I broke the interview selects into categories. I didn’t put down all the selects from one person and then all from another. I’d separate them out by topic. Where were they from? What is their tribal affiliation (this was a project on native artists), where were they educated, where did they get their inspirations from, what type of art did they do…and so on. I did this using separate sequences for each topic. And when I was done, I made a master selects sequence and strung out the answers, separating the separate sections by 5 seconds of black. So it would be one person saying something on the topic, then another, then another. And a cool thing that happens is that when someone spoke on a topic…expanded on it, they lead into another topic that I was going into, so it was a great segue tool. I could have one person talk, then another, then another, back to the 1st person, third again, 4th, second…who then transitioned us into the next segment.
HOW did I determine who went first, second, third, and then when to go back to the first person? That’s tough to explain. Explaining the creative process is difficult, as I edit by “feeling.” That is, I feel that I need to have this particular sound bite from someone, and that a sound bite from a second person sounds very similar, so I’ll use that next. I won’t use the full selection from the first person as they seem to mention several things, so I’ll grab the first thing mentioned, then use a similar bite from other people back to back, and then go to the second thing they talk about, then add the other people who also talk a little about similar circumstances, then back to the interviewee who will carry the conversation to the next topic.
Confusing? Yeah, I can see that. It is best to show examples of this…be able to do the rough string out, then duplicate the sequence and show the building of the sequence, and duplicate again with every change made so that people can see the process. Not something I am able to do with this project…but I hope you get the general idea.
Once I have the rough stringout, or “radio edit,” I will watch it a few times, and show the client it (or producer). This is basically the spine of the piece…the order in which the story we are telling is laid out. I don’t add any b-roll, or music. I might add cards where I think b-roll or pictures should go, but typically not at this point. I don’t want to add anything at this point because things will be re-arranged and shifted to better tell the story. Once we get this all adjusted correctly, then I move onto adding other footage.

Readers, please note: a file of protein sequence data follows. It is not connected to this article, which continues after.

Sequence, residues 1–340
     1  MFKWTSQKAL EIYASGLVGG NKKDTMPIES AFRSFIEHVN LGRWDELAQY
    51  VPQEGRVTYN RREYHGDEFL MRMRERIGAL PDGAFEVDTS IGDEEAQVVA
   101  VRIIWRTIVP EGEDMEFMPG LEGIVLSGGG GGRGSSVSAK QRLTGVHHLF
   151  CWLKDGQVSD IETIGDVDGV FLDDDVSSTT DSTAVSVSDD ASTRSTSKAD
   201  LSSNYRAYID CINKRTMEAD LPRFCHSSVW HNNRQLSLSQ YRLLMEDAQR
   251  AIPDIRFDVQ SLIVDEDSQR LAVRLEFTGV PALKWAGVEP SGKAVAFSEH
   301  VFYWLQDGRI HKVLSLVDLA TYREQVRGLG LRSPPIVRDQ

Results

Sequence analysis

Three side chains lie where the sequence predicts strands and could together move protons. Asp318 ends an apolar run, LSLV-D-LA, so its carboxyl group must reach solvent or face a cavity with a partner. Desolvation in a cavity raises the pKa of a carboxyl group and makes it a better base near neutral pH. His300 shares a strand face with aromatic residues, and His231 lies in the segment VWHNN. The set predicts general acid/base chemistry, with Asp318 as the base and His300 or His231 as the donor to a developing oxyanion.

The next pass is where I add what footage I have, what stills I have, and then cards or “slates” with descriptions of what I need, or think will work, for these sections. This is my first ROUGH CUT…lacking music, but where I start to add pacing, space out the dialog, add the b-roll and, if needed, other footage that includes audio. This is where the piece starts taking shape. After this, I might show it again, show where I am and what footage needs I have. Or I might do a second rough cut pass, this time adding music and rough sound effects (if needed). Adding music is where pacing really starts to take shape, as it can add dramatic emphasis to what is going on. You can have someone make a statement, and then raise the music over b-roll, or over the interviewer’s face (say they are sad, or really happy and you want to show that) and let that play out for a while. Because you don’t want to just raise the music randomly, choosing the right music, and planning how it plays out so that the part you want swells when you want it…can be difficult. It is often the hardest part of the process for me, and the most time consuming. I have to search for hours, days for JUST the right music. And then edit it so that it sounds right, and swells when I need it to.
But after I add music, I tend to call this phase the FINE CUT phase. No longer rough, but not really final. It is a “finer” cut. There will be versions during this phase…Fine Cut 1, Fine Cut 2…as I rearrange things, find new music, replace shots…and add more shots. FINE TUNING if you will.
That is sort of the phase I am at right now. I have a cut that has music, most of it is covered with b-roll or pictures, but I still have a few sections that need footage, and the show title is still just a black card, as we are working on a final title for the project. But thus far most of what I have done has been up do me. The client has made suggestions for what to cut, what to add, move this section there, that one there. And at one point saying that there seemed to be missing a point they wanted to make. They knew that they had them talk about it, but forgot to have me include it. As it so happens, I did have a timeline with those sound bites, as I came across them as interesting, but didn’t know where to put them. The clients note reminded me of those, and lit a lightbulb in my head. I added them to the piece and they made it better.
Now the cut is in the clients lap, awaiting more materials to cover some gaps. But it is almost done. It is really exciting to work on something where I was given footage and a few general notes about the tone of the piece, and given near full-creative freedom to make it a reality. Normally work with scripts, or producers in the room…or with extensive notes. But this time I was allowed to do what I wanted, explore creative ways of solving things…and that is refreshing.